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Hoffmann, R. A wiki for the life sciences where authorship matters. Nature Genetics (2008)

Influence of cyclophosphamide and 4-ketocyclophosphamide on mouse limb development.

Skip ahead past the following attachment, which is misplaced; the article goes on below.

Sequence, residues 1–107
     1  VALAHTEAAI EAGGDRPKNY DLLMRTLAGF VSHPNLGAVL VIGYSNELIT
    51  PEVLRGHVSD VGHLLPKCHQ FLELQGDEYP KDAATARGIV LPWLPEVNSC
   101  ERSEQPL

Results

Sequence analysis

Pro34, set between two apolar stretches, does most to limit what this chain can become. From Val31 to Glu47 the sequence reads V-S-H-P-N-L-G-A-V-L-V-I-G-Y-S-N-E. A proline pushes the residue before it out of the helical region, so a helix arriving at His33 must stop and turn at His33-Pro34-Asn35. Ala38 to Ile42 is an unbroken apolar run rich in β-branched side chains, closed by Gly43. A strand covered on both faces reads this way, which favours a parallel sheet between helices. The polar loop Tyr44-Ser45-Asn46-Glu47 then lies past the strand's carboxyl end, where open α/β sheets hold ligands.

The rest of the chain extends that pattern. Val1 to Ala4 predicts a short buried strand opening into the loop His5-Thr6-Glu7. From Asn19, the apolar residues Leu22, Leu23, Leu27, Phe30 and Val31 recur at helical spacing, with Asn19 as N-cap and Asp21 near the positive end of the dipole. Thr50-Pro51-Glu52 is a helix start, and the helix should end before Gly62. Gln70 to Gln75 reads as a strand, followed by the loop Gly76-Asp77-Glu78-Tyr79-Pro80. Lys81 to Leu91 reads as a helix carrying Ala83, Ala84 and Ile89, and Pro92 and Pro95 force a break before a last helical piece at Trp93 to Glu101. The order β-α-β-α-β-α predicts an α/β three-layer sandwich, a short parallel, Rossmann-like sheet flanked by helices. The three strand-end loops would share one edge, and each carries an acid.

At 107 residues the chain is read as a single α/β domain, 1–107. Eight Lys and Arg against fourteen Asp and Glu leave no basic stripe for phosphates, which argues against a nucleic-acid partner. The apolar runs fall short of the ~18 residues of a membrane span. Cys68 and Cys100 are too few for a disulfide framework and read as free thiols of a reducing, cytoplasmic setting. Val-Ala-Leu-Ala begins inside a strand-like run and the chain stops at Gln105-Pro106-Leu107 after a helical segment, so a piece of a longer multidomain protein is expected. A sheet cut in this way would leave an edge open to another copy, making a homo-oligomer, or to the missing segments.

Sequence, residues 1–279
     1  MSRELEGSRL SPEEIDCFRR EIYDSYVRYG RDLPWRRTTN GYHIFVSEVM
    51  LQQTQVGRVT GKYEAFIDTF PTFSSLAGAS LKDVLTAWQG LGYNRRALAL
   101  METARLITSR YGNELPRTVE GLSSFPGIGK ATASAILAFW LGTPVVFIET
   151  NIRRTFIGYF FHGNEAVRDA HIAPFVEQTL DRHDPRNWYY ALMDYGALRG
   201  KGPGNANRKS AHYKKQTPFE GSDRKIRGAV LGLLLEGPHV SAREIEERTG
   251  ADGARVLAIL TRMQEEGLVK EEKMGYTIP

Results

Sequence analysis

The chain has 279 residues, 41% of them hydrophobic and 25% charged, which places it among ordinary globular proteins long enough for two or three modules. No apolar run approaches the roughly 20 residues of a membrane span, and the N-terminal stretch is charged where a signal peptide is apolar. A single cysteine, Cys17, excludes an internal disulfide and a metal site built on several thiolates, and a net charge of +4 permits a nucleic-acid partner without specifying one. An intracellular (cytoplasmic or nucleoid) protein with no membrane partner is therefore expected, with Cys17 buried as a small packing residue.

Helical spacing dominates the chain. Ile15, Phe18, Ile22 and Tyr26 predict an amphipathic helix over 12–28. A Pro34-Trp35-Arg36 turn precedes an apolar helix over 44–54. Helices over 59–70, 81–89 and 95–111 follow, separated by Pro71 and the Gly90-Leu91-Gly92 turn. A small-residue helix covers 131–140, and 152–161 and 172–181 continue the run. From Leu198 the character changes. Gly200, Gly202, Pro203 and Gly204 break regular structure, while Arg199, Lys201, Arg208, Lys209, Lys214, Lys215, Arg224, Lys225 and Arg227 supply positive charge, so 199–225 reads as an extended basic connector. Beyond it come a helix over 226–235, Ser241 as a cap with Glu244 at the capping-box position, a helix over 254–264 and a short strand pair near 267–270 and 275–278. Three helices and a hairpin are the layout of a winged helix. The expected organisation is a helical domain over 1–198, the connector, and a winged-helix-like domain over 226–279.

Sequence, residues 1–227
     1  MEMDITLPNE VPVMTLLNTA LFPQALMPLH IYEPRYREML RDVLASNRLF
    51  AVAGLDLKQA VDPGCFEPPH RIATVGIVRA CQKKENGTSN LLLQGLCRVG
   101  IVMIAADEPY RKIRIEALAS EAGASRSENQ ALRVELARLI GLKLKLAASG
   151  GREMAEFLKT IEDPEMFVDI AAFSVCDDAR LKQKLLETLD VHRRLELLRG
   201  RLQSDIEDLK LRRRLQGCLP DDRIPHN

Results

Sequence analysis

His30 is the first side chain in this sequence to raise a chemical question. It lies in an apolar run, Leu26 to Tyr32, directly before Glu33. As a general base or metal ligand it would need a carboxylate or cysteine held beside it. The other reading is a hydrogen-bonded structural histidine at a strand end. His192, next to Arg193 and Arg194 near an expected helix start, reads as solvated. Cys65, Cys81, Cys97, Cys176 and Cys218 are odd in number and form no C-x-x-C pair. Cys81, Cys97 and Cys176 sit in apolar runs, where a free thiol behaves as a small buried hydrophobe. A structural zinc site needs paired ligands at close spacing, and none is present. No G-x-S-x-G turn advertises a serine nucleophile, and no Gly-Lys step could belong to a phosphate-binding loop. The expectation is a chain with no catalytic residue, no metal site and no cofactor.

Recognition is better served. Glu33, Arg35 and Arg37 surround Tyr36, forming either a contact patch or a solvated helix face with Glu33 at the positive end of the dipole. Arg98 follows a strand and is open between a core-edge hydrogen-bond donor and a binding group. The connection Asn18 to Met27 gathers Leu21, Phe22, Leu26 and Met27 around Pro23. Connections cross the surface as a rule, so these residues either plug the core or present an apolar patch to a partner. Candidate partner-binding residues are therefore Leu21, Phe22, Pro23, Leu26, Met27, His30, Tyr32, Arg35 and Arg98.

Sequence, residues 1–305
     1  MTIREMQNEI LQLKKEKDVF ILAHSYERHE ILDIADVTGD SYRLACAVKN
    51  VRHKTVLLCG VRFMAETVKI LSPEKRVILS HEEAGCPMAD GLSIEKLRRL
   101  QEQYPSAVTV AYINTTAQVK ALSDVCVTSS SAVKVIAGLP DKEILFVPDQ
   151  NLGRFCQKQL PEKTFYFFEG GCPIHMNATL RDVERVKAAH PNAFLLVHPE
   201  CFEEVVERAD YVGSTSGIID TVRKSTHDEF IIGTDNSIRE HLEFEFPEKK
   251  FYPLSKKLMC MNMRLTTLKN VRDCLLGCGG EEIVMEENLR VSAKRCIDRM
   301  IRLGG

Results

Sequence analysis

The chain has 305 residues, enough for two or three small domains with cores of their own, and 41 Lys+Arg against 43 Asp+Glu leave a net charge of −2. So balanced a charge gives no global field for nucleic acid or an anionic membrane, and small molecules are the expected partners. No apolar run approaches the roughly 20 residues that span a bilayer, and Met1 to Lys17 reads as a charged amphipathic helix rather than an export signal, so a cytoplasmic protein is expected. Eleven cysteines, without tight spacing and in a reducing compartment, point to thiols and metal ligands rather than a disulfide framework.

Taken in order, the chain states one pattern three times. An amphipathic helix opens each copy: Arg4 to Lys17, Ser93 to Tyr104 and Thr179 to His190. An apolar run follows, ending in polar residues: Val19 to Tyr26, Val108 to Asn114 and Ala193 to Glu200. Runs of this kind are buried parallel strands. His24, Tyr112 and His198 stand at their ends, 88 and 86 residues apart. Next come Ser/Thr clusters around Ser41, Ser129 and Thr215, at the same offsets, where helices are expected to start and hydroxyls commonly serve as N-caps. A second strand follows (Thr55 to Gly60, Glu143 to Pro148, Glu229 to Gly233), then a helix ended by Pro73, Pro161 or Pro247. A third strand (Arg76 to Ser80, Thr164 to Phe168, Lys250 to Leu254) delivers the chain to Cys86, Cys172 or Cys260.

Many studies have been performed on the in vivo teratogenicity of cyclophosphamide, and there is uncertainty whether the parent compound or P-450 generated alkylating metabolite(s) is the proximal teratogen(s). We have examined the influence of cyclophosphamide and a metabolite, 4-ketocyclophosphamide, on mouse limb development. Pregnant mice were injected with 10, 15 or 20 mg/kg of cyclophosphamide on days 9 to 11 of gestation. Hindlimb buds were maximally sensitive to 20 mg/kg of cyclophosphamide at 9 A.M. on day 11, and the predominant malformations formed were preaxial ectrodactyly and hemimelia. Hindlimb buds of the same gestational age exposed to cyclophosphamide in vitro responded identically to controls in morphology and uptake of 3H-thymidine and 35SO4. Exposure to 4-ketocyclophosphamide in culture, however, resulted in the formation of limbs with a "hemimelic" appearance and distal limb reduction, and with reduced uptake of 3H-thymidine and 35SO4. These findings support the position that the P-450 generated metabolite(s), and not the parent compound, is the proximal teratogen(s).[1]


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